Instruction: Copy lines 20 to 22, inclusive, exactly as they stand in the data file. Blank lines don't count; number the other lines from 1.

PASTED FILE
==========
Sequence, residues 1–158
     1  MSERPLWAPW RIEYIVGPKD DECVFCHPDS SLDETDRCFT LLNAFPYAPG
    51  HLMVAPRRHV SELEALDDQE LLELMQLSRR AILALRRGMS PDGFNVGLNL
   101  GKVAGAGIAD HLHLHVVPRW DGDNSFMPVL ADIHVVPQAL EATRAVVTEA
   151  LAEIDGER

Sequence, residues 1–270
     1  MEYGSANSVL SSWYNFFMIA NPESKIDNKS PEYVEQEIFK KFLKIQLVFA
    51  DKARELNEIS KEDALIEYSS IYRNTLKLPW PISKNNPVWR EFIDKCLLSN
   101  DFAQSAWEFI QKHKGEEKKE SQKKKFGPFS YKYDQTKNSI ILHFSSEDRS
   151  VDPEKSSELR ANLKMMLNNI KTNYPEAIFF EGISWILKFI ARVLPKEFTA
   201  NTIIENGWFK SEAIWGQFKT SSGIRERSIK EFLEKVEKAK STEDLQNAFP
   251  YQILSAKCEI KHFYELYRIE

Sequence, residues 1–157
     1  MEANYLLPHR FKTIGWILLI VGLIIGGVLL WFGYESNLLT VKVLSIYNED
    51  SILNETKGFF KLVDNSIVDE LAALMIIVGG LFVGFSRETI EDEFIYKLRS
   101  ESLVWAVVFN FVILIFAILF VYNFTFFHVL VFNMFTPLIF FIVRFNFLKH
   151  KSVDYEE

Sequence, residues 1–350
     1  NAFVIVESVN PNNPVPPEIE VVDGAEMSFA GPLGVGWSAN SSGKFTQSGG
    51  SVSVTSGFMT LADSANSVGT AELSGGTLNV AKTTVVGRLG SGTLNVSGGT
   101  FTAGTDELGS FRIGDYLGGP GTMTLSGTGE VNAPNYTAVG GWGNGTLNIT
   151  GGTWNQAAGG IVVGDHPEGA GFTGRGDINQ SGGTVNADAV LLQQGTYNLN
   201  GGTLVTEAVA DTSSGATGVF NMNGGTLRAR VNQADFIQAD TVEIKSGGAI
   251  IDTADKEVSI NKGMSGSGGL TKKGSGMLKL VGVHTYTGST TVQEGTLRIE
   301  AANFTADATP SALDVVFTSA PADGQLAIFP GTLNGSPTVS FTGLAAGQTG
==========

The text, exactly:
    51  SVSVTSGFMT LADSANSVGT AELSGGTLNV AKTTVVGRLG SGTLNVSGGT
   101  FTAGTDELGS FRIGDYLGGP GTMTLSGTGE VNAPNYTAVG GWGNGTLNIT
   151  GGTWNQAAGG IVVGDHPEGA GFTGRGDINQ SGGTVNADAV LLQQGTYNLN